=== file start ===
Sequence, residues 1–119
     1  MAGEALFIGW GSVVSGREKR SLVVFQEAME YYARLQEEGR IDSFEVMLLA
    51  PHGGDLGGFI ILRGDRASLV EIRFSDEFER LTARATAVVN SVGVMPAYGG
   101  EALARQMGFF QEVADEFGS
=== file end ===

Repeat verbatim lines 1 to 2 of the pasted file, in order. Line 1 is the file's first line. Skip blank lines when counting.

Sequence, residues 1–119
     1  MAGEALFIGW GSVVSGREKR SLVVFQEAME YYARLQEEGR IDSFEVMLLA